This is the absurdity: The Constitution says it cannot be amended absent an elaborate process involving supermajorities of Congress and the states — but the courts have somehow convinced us that a 5–4 shakeout from nine unelected lawyers can do the trick.
Andrew McCarthy, Gingrich & The Courts, NRO, 21 Dec. 2011
Conservatives have been shaking their fists impotently at the Courts for their judicial activism - their Poliburo like unilateral amendments to the Constitution working fundamental changes to our nation - for the past fifty years. Heretofore, the only solution to the problem was thought to be electing Presidents who will appoint judges grounded in originalism. That has been less than successful. Enter Newt Gingrich, who has completely changed the paradigm on this critical issue. He wants to make a systemic fix that will permanently restore the Constitutional balance between the three branches of our government as such balance was envisioned by the Founders.
Noted lawyer and now columnist at NRO, Andrew McCarthy, reviews Newt Gingrich's plan to redress the balance. Mr. McCarthy first describes the underlying reasons that support Gingrich's focus on this critical issue. First up is a case that I previously described as "a vast expansion of the power of the Court" into the enumerated powers of Congress and the President, opining that it "may turn out to be the most costly decision ever to our nation." That case of judicial activism run amok was Boumediene v. Bush. This from Mr. McCarthy:
In a ruling that defied both logic and centuries of Anglo-American jurisprudence, the Court [in Boumediene] held that aliens captured outside the United States — aliens whose only connection to our body politic was to wage a terrorist war against us — were somehow vested with a constitutional right of access to our courts to challenge their detention.
These rulings are not simply legal outrages. They deny the sovereign power of the American people to enforce their natural right of self-defense — all for the benefit of foreign jihadists who target civilians for mass murder. Nor are they singular excesses. In the last three-quarters of a century, there has been an explosion of juristocracy, of politically unaccountable judges’ nullifying the American people’s democratically enacted choices. The courts have not merely been an advocate for our wartime enemies but a partisan in the culture wars — inventing abortion rights; eroding the bedrock principle of equal protection before the law; cossetting heinous criminals; banning public expressions of religious reverence; protecting the publication of child pornography while curbing political speech; cherry-picking international law as needed to reverse popular self-determination; and so on.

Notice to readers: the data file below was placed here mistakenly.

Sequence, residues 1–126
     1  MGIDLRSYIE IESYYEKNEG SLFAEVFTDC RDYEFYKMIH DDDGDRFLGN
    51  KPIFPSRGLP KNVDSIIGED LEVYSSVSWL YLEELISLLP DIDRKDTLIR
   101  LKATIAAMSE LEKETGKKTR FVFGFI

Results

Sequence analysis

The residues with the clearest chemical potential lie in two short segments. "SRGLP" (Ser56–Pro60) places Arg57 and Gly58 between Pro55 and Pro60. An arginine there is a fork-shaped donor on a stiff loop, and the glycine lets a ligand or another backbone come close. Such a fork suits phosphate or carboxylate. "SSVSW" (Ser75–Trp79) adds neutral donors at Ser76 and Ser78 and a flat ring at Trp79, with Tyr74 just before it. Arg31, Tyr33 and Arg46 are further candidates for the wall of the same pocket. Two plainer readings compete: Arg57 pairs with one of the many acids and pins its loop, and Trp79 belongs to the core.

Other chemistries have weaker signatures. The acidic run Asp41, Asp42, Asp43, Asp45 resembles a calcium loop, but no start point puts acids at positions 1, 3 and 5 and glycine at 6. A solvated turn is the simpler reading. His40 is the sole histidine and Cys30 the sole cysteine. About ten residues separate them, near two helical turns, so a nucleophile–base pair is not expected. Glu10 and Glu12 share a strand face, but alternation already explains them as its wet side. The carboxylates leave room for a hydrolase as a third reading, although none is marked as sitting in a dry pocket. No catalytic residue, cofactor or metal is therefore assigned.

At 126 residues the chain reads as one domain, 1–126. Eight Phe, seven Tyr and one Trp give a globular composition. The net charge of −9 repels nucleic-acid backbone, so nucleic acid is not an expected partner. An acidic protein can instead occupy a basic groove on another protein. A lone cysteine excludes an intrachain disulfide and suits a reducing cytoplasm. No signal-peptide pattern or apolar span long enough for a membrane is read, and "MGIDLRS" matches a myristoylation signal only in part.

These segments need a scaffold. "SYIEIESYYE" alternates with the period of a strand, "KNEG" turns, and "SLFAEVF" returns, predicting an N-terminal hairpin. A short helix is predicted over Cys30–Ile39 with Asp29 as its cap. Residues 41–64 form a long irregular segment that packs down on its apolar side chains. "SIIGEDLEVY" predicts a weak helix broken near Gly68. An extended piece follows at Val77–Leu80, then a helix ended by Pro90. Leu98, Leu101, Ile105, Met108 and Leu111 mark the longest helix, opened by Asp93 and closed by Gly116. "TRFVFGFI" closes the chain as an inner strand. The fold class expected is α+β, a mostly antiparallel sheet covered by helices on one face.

Having enumerated the assaults on our Constitution by the Courts, McCarthy notes that both he and former U.S. Attorney General Michael Mukasey embrace Gringrich's plan to right the Constituional balance, even though neither agrees with all of Gingrich's proposed fixes. This from Mr. McCarthy:
In the real world, there are many steps between the extreme we have now — sheep-like acquiescence to a continuing usurpation of power — and the extreme of making the offending judges disappear.
For example, the political branches may enact laws that deny the courts jurisdiction to hear certain kinds of cases. If the courts ignore these bars (as they did in the detainee cases), the political branches may enact laws reversing those decisions. If the courts persist in their obstinacy, theorizing that they are vested with the final power to divine the Constitution’s meaning (a power found nowhere in the Constitution), the political branches could enact a law, or propose a constitutional amendment, that explicitly empowers them to overturn decisions of the Supreme Court. Or they could simply refuse to enforce court rulings — the courts’ impotence in unilaterally imposing their judgments having been the principal reason Hamilton presumed the judiciary to be “the least dangerous” branch. Congress, moreover, could revisit the dubious tradition that judges can be impeached only for personal corruption, and not for persistently, egregiously overstepping their authority.
That last is a suggestion I raised in a post here. Mr. McCarthy concludes:
Gingrich deserves credit for forcing the vital issue beneath all of this, an issue that every GOP candidate ought to address. The Supreme Court has long purported to be the final authority on what the law is. It was one thing to take that position when the judges had a modest understanding of their role: namely, to resolve cases between litigants, without the grandiosity that would impose those rulings on every American. As Gingrich points out, however, for the last half-century, the Court has regarded itself as a permanent constitutional convention. This is the absurdity: The Constitution says it cannot be amended absent an elaborate process involving supermajorities of Congress and the states — but the courts have somehow convinced us that a 5–4 shakeout from nine unelected lawyers can do the trick. So the question for the candidates is, who is the sovereign? Who gets the final word on what the law is? Hint: The first three words of the Constitution are not, “We the Judges . . . ”
Mr. McCarthy's analysis tracks with my own on this issue. Correcting this vast overreach by our Courts over the past half century, restoring the balance to that envisioned by our Founders, is crucial for the future of our nation. That Gingrich has the courage to bring this up - against what will surely be withering attack from the left - is one of the primary reasons why I support him for President.